My dad is dying.
I heard those words ringing in my head, in my own voice, though I’d only just read them in a Facebook message.
I dropped, physically, slumping into the couch, eyes welling up… “shit.” I muttered it, though Dave perked up… What’s wrong?
He’d asked so innocently, I didn’t want to tell him everything. That’s the drama in me… everything seems to stop when one of my friends loses a parent. I DID THAT! I want to scream at them. I did that 18 years ago so you wouldn’t have to. Not one got it then. No one knew the turmoil, and now, year after year, I am dying inside watching my friends lose a parent.
This isn’t how it’s supposed to be… but it is. Kind of. I mean parents aren’t supposed to bury their children, though my own buried my brother. But are we, in our late 20’s and early 30’s, supposed to be burying our makers? The only people who will ever truly love us unconditionally? Are they supposed to be dying as we near pivotal life decisions, marriage, births of our children?
They aren’t really ever supposed to leave. I firmly believe that. I have, on more than one occasion, threatened my mother into not dying before me… whatever that means. And in that thinking, I found myself scrambling yet serene. I have done this before. I have lost my whole world, and now I know that my footing would be gone. I would be lost. I would want to die, too. And I have prepped my husband for that. He knows that he will have to step in as more than a spouse, a father and a support. He will have to be my only lifeline to wanting to take another breath.
When my friend told me the news about her father: a sudden diagnosis, late nights, hospice- all with her wedding on the horizon, I knew how hard it would be for her and her soon-to-be, and my insides broke all over again. Dave knew what he was getting into. He’d seen me drunk, crying in April, sure to not recover or ever sleep again. He’s seen me cry, scream, punch the ground of the cemetery as we visit for Christmas and place a beautiful wreath upon the grave of the father-in-law he’ll never know. He’s been with me as we stepped upon hallowed ground with our bouncing baby girls, each one of them, to introduce to their Grand-Dad, Mark (and Uncle Jon, too).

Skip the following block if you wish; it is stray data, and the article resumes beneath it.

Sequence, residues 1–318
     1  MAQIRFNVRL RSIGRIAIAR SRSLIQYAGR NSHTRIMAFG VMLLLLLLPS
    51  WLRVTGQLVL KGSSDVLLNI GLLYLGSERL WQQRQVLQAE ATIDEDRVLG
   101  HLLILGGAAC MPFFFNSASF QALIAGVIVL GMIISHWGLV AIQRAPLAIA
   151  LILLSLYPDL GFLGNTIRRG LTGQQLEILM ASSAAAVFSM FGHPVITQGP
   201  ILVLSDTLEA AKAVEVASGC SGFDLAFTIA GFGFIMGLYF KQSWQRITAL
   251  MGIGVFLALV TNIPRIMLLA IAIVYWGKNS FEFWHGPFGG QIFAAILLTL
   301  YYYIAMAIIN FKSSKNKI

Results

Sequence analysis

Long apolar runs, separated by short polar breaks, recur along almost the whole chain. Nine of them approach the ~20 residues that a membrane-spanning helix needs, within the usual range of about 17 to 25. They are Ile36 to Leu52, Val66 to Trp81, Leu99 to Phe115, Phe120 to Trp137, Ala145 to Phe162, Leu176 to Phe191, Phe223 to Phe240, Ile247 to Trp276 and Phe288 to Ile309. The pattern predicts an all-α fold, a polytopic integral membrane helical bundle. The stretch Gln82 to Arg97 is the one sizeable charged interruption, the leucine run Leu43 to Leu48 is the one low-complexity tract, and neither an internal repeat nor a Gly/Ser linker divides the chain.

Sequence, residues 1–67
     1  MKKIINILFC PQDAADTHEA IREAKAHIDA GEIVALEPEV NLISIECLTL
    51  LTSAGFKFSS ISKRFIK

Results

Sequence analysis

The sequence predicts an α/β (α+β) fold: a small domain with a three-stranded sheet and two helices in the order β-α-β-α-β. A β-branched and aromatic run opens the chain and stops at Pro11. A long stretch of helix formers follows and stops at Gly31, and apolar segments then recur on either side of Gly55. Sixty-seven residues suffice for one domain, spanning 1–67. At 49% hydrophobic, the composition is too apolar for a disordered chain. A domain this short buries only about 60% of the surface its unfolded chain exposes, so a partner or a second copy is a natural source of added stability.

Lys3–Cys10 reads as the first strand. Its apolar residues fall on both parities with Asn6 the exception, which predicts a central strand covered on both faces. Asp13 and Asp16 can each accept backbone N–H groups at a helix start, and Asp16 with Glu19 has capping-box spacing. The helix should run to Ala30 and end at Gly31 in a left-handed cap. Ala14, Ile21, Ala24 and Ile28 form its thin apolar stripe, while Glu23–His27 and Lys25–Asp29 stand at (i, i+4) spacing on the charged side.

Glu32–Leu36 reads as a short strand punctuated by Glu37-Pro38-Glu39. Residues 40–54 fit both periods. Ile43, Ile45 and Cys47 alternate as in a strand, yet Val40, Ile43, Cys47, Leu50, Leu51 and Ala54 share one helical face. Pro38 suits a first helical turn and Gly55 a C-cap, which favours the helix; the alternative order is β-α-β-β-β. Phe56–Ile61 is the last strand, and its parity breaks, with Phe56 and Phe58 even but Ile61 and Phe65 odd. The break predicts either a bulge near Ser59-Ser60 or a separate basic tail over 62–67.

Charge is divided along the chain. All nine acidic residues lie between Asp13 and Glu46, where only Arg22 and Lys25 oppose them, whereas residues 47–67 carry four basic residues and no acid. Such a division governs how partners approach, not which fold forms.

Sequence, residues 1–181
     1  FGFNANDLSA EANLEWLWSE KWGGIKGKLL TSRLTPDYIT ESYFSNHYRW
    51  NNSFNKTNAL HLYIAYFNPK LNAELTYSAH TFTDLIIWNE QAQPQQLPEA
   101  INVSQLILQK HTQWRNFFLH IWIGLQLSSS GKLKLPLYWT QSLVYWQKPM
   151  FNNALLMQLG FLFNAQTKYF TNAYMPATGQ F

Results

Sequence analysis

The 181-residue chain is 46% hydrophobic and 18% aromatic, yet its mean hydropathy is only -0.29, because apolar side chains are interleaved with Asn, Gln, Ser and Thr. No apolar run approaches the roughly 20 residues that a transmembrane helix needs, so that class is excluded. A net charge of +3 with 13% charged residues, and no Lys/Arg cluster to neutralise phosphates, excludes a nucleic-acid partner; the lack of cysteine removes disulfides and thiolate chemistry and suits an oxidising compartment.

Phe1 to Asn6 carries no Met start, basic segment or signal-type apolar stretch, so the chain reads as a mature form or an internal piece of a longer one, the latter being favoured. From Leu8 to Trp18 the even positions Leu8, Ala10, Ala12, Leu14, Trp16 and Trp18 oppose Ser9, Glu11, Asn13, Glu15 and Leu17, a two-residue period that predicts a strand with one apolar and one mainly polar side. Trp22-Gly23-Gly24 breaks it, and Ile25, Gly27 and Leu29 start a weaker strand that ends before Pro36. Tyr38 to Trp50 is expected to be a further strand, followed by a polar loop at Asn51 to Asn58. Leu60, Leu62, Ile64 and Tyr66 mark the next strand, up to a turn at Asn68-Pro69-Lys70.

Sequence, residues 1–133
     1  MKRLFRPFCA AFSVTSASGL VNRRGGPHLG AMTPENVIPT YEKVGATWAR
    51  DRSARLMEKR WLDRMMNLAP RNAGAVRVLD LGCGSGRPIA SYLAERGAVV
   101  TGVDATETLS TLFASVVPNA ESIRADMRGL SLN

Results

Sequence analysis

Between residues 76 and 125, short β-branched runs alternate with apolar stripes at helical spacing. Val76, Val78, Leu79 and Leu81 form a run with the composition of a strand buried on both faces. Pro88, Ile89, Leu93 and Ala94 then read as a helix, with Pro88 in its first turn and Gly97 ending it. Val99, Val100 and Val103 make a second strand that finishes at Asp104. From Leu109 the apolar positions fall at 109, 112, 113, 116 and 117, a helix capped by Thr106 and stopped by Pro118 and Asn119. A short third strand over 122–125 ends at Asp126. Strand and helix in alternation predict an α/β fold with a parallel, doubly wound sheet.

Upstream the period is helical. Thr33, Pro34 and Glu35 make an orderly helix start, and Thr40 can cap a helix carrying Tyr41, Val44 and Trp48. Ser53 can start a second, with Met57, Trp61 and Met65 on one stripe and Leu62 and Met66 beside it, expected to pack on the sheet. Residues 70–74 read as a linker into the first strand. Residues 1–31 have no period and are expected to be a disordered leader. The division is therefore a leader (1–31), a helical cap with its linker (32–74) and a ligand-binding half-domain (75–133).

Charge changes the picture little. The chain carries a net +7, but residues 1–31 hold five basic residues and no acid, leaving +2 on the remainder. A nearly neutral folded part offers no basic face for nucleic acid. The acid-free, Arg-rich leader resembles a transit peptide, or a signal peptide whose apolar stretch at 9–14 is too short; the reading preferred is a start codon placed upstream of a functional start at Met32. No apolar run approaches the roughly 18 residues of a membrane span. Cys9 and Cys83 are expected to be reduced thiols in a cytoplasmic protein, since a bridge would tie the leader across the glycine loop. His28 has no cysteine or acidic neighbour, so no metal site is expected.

He knew I’d already lost and what that meant for me. For him.
But what happens if this isn’t something you were prepared for? How does a girl marry without her father? How does one marry a fatherless daughter?
I wanted to write something to anyone in a situation of major life changes while encountering death, because while this isn’t uncommon, each time is unique. There is no relationship like that of father and daughter… no two are alike.
And when you marry a fatherless daughter, she isn’t totally married. The piece of her that was not “given away” always lingers in a wedded purgatory. That part of her that will not get to share her father with her future spouse… even if you knew him, you never knew him as your father-in-law. What it would be like when he heard the news of his first grandchild, or your first home, or to be called in the middle of the night because something sprung a leak. You won’t know him as a father as she did. And that piece won’t be married. It will drift in and out of pain.